Cancer treatment response may be affected by gut bacteria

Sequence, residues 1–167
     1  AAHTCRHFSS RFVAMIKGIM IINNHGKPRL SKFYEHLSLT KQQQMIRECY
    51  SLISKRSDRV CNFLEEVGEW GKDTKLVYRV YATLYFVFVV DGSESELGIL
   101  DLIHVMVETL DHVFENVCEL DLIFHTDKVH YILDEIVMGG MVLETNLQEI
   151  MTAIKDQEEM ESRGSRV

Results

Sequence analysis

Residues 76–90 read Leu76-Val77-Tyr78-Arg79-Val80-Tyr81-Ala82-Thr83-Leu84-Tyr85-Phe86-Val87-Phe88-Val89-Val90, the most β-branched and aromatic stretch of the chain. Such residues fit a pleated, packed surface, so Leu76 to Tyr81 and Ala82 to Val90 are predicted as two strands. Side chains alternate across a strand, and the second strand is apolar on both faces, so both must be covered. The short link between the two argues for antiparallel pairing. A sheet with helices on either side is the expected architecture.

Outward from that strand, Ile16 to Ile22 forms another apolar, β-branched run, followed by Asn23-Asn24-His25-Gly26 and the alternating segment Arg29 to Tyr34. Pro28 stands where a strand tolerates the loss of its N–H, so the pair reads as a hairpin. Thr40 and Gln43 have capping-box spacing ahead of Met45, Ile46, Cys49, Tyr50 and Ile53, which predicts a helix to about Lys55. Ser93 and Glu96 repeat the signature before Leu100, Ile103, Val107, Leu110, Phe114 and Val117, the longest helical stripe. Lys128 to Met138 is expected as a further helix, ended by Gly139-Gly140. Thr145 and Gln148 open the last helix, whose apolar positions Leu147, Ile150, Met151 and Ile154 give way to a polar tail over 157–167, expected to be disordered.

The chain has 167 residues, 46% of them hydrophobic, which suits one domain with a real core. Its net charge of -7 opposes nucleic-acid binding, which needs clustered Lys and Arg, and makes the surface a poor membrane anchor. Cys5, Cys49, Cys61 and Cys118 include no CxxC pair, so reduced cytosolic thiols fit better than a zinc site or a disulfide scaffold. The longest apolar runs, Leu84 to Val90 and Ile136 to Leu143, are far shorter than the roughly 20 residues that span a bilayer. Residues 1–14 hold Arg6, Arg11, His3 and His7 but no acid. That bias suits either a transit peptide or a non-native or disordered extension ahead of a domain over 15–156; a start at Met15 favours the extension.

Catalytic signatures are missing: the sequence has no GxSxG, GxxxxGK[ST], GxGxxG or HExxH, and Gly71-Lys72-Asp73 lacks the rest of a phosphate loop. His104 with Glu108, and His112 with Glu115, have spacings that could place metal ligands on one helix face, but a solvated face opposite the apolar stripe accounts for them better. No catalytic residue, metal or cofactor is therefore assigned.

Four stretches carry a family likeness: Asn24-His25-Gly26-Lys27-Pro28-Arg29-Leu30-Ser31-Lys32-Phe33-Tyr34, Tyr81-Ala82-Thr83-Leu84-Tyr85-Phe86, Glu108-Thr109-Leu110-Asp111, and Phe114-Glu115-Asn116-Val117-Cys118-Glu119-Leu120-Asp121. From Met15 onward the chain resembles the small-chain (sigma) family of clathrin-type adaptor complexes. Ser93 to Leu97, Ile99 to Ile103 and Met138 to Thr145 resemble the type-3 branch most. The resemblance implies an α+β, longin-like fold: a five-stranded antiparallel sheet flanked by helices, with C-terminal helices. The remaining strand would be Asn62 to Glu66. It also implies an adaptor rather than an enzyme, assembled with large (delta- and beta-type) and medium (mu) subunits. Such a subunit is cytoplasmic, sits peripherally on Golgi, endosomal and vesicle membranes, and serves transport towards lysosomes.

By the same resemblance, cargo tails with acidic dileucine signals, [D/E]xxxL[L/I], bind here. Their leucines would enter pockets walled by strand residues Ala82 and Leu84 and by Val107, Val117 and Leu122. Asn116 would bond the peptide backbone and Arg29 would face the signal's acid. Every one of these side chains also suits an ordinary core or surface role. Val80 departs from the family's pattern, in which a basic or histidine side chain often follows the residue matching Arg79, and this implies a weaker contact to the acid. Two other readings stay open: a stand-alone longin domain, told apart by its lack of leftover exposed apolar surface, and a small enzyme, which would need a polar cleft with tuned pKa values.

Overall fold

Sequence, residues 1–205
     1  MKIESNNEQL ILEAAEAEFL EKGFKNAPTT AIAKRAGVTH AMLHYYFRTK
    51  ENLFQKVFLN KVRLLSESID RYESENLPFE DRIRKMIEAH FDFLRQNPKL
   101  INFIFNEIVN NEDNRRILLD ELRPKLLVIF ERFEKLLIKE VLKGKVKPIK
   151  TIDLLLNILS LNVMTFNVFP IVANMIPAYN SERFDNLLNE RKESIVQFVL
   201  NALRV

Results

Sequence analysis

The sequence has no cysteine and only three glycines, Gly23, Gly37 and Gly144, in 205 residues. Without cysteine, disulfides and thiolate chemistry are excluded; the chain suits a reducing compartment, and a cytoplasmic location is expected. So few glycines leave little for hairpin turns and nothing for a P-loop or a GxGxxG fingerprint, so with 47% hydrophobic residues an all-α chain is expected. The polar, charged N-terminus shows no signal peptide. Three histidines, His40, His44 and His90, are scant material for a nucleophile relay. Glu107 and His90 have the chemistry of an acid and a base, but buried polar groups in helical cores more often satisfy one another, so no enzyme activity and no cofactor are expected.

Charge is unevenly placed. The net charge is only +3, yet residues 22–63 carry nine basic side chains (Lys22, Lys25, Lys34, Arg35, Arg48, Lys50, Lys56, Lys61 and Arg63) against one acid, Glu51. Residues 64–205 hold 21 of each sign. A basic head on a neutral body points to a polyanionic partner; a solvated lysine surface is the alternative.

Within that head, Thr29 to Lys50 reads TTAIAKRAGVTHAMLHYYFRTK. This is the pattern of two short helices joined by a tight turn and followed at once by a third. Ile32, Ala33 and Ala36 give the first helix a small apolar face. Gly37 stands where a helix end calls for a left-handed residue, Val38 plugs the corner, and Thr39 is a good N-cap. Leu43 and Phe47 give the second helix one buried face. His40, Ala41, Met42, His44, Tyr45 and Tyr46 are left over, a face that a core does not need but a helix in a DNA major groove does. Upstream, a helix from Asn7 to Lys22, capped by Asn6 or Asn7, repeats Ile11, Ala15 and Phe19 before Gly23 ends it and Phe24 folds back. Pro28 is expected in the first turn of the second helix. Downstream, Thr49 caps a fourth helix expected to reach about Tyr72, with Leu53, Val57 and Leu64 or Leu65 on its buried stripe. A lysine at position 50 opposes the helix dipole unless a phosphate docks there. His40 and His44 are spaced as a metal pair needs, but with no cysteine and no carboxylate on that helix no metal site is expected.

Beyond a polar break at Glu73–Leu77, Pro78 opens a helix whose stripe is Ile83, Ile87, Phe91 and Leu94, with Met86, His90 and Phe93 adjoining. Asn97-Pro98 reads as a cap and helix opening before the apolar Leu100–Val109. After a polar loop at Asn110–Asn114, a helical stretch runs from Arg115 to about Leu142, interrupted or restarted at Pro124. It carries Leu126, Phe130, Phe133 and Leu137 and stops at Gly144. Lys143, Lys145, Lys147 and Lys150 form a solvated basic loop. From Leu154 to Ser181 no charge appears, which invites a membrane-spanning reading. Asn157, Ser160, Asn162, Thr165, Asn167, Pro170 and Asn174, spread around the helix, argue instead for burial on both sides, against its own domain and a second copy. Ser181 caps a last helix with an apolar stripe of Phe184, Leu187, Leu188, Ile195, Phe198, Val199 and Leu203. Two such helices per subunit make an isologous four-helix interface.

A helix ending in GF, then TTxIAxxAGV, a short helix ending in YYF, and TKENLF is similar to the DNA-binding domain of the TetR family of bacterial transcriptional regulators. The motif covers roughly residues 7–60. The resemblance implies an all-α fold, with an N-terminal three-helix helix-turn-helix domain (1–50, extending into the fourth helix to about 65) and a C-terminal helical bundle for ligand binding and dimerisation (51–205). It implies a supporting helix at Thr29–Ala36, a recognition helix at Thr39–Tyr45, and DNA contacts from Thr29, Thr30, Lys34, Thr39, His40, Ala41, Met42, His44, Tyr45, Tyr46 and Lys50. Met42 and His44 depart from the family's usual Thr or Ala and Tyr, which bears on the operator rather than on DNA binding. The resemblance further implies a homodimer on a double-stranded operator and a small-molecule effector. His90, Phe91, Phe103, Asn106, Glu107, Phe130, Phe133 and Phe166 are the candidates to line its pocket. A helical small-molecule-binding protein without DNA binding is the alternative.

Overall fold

Conclusion This early-stage study gives us some insights into factors that might influence people's responses to a specific type of cancer treatment (immunotherapy with monoclonal antibodies). The findings are of interest, but don't have any immediate implications for cancer treatment. We don't know what the conditions that required antibiotic treatment were and whether these could have affected the response to immunotherapy. We don't know whether the antibiotics themselves influenced how well the immunotherapy worked, or whether it was their effect on gut bacteria. We also don't know whether having high levels of particular bacteria improves people's responses to immunotherapy, or whether the immunotherapy somehow influences the levels of specific bacteria. It's unclear whether the findings are more relevant to certain cancers or specific immunotherapies or antibiotic types, or if they're influenced by other patient characteristics. Further research first needs to clarify whether the gut bacteria directly influences people's responses to immunotherapy, and exactly how this happens. The next step would be to investigate whether treatment to change the gut bacteria could improve people's responses to cancer treatment. Overall, it's likely to be some time before we see whether this early study eventually leads to any changes in the way immunotherapy is given. These findings shouldn't cause any concern for people with cancer who need to take antibiotics. The risk of not ta...
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